With the eyes done, I’ve come one step closer to completing the head. Hopefully it’ll be epic when it’s done. I’m not certain whether I’m going to drill holes in the fimo shapes or have my own eyes use separate holes in the costume but I’m sure I’ll figure something out.    

Over the last week or so, exams aside, I’ve been trying to get the future ENTV site online. Drupal is the backbone as it’s something we at the NSS already use and is familiar both to myself and the Captain.

Drupal is, well, mostly good. There’s plenty it does quite well and plenty it utterly sucks at. For example, I can really easily add modules to it that do all sorts of things. Most of them not that well.

It does support blogs, feed aggregation and many other things, but most of them in the same way Linux supports high-end video editing. Yeah, it can be done, but it’s not easy or pleasant.

So, next comes the site construction. Thankfully it’s increasingly becoming the case that I don’t need to build things from scratch. Adobe Flash makes embedding video or audio a doddle, Feedburner and RSS feeds makes it easy to embed blogs and then there’s a few other things.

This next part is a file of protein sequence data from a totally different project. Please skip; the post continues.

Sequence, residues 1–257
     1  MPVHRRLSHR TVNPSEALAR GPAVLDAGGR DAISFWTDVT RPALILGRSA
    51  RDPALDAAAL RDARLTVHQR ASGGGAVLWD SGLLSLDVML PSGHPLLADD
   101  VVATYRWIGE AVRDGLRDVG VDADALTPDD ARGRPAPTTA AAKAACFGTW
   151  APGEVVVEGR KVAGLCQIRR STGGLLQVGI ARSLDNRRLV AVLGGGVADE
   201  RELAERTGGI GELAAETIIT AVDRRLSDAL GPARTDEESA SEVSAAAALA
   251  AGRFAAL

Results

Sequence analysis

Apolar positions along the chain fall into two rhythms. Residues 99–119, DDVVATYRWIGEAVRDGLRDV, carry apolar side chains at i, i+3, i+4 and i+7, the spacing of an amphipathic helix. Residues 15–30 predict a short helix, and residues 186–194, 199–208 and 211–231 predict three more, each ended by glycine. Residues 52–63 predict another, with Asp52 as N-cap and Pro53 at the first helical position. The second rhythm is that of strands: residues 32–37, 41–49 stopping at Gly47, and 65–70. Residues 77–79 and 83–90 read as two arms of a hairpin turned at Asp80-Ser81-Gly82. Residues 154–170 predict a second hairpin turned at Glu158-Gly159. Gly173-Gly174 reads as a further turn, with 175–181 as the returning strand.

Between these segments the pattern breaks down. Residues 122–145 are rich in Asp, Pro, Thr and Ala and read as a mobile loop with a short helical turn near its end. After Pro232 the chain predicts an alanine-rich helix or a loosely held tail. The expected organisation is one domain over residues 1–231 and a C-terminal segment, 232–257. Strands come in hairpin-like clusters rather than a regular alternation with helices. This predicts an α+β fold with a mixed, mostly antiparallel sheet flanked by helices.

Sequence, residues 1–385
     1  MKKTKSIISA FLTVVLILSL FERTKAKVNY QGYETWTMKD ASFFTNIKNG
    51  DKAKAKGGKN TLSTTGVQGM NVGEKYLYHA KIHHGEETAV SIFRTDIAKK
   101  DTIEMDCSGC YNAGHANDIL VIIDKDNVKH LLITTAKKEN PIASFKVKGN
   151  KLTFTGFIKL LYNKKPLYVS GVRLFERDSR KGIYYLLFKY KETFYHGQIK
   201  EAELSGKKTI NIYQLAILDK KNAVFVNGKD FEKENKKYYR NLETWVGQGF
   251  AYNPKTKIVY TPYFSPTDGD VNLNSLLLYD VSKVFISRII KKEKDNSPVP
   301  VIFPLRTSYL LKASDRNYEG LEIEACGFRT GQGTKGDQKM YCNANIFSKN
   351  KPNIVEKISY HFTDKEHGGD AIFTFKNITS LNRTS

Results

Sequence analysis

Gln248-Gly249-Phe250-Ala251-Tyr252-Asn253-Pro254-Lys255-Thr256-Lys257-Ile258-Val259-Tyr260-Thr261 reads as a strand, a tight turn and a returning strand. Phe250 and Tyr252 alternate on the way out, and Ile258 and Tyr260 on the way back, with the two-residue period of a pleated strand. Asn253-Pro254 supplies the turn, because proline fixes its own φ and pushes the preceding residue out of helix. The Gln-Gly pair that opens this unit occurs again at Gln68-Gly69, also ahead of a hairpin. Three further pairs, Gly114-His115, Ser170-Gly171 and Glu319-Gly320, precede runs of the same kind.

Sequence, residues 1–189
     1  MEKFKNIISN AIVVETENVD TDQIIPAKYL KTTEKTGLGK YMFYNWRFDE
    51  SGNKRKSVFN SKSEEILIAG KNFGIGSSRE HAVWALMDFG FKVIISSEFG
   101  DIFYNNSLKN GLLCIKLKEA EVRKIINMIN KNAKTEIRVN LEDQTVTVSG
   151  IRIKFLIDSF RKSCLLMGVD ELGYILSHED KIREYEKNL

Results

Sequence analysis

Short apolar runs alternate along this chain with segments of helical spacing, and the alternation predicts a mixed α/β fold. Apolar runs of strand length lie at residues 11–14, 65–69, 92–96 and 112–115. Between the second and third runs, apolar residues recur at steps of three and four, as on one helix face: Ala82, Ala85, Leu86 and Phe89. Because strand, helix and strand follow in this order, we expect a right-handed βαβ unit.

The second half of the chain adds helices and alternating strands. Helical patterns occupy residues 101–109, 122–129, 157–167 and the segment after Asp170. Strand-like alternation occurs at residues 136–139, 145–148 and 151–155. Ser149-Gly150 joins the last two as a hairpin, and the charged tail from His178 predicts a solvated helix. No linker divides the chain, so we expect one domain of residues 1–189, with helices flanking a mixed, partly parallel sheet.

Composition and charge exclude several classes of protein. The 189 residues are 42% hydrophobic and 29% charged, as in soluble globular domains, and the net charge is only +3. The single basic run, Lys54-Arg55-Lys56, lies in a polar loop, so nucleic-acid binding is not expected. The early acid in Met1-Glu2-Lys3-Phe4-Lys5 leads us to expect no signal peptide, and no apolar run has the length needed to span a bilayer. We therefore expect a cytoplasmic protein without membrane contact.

The other things are the problem. Twitter is causing me no end of headaches. I currently don’t use Twitter, although I may in future (if I ever get this bloody site working) but I can see a use for it in ENTV. Whilst I can’t imagine our viewers and society members give a rat’s arse about what Chris is having for lunch (soup, incidentally), I can see them being interested in the progress of the week’s episode or what a particular channel is up to.

In order to create Twitter feeds for any given topic we’re using “hash tags”. Any time someone “tweets” something with a hashtag in, it can be grouped and syndicated. In plainer English that means any time any of us are talking about the society in a twitter update, if we append #entv it’ll appear in the #entv hashtag feed.

So on each channel’s page One would see something like this:


Twitter updates


About the segment

To put that into an example:

A Grand Day Out

#agdo twitter feed

Feed from Blogger account

Blurb about A Grand Day Out


The current stumbling block is the Twitter feed. What I need to achieve is as follows:

  1. Pull the latest, say, 10 messages from Twitter’s Atom or RSS feed.
  2. Parse the XML and grab the description text, author and time of posting